“When I get older, losing my hair, many years from now

Will you still be sending me a Valentine, birthday greetings, bottle of wine?

If I’d been out till quarter to 3, would you lock the door?

Will you still need me?  Will you still feed me when I’m 64?” Beatles’ Song when I’m 64

Like many in my generation, The Beatles’ songs shaped many of my early perspectives on life.  As I entered my 64th year, I wondered how much this song had influenced my expectations about marriage.  I never questioned how long my marriage would last – I just assumed that it would.  This song still has the power to bring up questions about how my relationship will weather the challenges of aging, changing finances, dependence/independence, and health issues in this uncharted season of my journey.  Will my mate still need me, feed me, trust me when I’m 64?

​Healthy relationships begin when parents carefully observe and accommodate their lives to their newborn children.  They take time to study their children, noting their individual learning styles, personalities, strengths, and vulnerabilities.  They become experts on each child, knowing what can make each of them feel bad or good, unwanted or loved.  They learn to prevent or repair relationship problems with their children.

Continuing the work begun by John Bowlby, psychologist Stan Tatkin uses a helpful word picture to describe how securely or insecurely we attach to others.  Healthy parents who form secure connections with their children act as anchors for their children in the storms of life.  Securely connected children then look for and develop healthy relationships and act as anchors for those they love as adults.  Those of us who did not have anchored attachments with our parents have to learn these skills, however.  Otherwise, instead of being anchors for those we love, we act as waves or islands with them.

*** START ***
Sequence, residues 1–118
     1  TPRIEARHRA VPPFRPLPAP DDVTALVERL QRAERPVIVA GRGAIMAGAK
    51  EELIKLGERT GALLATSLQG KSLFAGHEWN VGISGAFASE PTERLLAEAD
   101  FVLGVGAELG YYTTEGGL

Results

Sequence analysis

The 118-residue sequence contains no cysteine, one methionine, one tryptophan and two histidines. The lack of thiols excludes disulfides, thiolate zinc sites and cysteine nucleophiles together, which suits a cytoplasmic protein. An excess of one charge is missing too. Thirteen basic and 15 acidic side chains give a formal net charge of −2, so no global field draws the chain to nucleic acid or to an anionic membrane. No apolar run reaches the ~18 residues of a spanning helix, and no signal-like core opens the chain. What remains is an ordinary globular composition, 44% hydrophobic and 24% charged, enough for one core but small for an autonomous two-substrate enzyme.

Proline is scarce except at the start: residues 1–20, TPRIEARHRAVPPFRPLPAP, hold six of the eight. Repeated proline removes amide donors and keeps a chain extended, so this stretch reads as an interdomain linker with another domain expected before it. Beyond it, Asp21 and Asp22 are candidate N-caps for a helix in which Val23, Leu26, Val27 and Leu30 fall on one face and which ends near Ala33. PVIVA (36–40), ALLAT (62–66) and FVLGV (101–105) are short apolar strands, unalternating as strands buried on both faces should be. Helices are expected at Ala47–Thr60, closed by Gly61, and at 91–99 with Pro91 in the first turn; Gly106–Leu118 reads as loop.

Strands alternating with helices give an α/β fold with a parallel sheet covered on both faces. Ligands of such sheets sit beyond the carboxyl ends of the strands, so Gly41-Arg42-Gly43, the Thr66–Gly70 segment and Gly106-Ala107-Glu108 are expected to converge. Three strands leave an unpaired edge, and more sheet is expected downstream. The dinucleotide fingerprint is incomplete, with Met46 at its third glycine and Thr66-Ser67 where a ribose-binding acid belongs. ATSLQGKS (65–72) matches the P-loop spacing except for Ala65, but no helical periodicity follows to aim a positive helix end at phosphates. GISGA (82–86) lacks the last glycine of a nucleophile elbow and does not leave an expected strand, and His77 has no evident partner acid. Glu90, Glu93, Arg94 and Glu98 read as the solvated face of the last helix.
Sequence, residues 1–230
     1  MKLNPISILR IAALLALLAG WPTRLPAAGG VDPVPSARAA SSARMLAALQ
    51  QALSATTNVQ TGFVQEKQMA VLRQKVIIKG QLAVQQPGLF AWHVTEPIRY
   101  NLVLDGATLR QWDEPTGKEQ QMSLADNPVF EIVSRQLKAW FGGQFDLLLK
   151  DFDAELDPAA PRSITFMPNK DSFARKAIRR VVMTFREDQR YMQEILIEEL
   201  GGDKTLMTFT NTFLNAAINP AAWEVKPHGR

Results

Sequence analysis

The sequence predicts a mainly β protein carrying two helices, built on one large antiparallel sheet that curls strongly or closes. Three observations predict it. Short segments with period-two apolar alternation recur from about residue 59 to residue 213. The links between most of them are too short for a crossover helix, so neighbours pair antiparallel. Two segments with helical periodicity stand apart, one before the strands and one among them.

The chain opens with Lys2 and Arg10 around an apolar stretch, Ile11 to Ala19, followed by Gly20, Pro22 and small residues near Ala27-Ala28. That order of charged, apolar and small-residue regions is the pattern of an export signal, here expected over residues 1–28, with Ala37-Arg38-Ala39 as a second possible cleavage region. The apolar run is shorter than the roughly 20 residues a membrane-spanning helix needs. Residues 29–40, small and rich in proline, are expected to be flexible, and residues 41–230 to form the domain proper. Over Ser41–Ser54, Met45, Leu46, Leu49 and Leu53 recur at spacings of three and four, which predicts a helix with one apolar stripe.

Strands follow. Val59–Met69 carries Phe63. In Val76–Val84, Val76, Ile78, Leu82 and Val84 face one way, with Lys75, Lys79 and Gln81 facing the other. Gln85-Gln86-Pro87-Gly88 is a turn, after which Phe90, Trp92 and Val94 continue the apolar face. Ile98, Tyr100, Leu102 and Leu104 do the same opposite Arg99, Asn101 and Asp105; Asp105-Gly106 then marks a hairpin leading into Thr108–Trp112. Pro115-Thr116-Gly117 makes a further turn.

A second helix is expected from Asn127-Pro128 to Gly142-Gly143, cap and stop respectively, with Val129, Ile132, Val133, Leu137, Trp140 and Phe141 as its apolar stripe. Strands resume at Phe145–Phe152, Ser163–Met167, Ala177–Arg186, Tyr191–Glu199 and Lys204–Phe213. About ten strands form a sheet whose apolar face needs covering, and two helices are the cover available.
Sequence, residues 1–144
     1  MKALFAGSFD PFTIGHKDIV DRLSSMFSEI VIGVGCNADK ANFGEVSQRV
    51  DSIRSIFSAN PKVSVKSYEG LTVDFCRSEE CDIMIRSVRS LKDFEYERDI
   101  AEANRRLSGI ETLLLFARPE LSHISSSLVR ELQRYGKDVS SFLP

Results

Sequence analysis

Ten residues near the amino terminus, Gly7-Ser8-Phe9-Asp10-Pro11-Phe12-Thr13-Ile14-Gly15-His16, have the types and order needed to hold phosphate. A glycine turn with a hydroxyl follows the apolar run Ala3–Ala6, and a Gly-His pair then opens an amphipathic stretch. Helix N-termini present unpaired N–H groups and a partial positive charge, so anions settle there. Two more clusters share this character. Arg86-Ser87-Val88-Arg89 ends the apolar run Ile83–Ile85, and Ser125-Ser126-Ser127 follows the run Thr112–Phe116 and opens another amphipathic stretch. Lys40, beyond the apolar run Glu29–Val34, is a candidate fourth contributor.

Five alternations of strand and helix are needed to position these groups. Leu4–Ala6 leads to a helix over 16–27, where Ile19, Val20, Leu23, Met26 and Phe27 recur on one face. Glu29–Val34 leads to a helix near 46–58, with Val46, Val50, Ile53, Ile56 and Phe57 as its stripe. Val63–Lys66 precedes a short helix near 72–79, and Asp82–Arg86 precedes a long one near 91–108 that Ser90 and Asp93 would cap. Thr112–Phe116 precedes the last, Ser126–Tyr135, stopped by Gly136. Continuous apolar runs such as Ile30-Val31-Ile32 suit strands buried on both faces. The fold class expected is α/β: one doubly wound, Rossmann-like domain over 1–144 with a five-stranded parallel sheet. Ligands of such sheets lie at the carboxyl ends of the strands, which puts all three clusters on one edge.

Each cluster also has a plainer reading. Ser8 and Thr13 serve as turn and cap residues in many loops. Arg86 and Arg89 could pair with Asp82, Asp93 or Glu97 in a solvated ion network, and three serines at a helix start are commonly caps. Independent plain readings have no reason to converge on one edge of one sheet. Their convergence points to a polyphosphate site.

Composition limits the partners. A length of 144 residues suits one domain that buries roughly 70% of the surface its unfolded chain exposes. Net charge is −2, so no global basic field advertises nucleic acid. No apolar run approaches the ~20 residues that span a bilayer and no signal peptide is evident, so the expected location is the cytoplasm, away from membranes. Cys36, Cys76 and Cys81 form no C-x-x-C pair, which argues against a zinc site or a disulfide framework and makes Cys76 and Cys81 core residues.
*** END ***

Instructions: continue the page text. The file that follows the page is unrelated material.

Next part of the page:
We who act as waves in relationship show our fears of being separated from or abandoned by those we love.  We’re uncomfortable with being alone for very long, and we fear burdening others with our needs.  This conflicted insecurity drives us to pursue our mates at all costs, never quite trusting them to support us.  Wave relationships feel like being covered by strong waves that overwhelm one minute, then leave us standing on shifting sand the next.

When we act as islands in relationship with others, we reveal our fears of being intruded upon, blamed by, or absorbed into others’ lives.  Because we fear being overpowered by others, we create stationery, inaccessible fortresses around our hearts.   Island relationships result in feeling disconnected, distant, unnecessary, and alone.  In both island and wave relationships, we are distanced from and unrecognized for who we really are by the very ones we desire to know and love us.

Healthy relationships don’t just happen when the “right” people connect, any more than a successful voyage is guaranteed by a sound boat.  Anchored relationships are the result of patiently plowing through the waves of daily life together, searching out new ways of communicating, leaving familiar shores to explore the unknown places in a loved one’s heart.

1. Take the time to study your mate.  (We all need maps to find our way.)
2. Ask for feedback on what you observe, knowing that your mate is changing over time, not just you.  (Learn how to read the weather.)
3. Commit your time and your heart to growing a secure, trusting, nurturing relationship.  (Couples counseling can be a useful compass here.)

I like this description offered by John Gottman, PhD, and Nan Silver:

Enduring love comes when we love most of what we learn about the other person and can tolerate the faults they cannot change.

Such healthy intimate relationships have been shown to improve physical health, protect mental and emotional resilience, and lengthen lives.  Let’s focus on growing closer to our mates this holiday season!  It’s well worth the effort.

If you are interested in talking to Karen Bridges, or one of our other amazing counselors, click here to schedule a session online. If you feel more comfortable, or have further questions, feel free to call our office at (970) 490-1308 and we will be happy to assist you in finding the right counselor for you.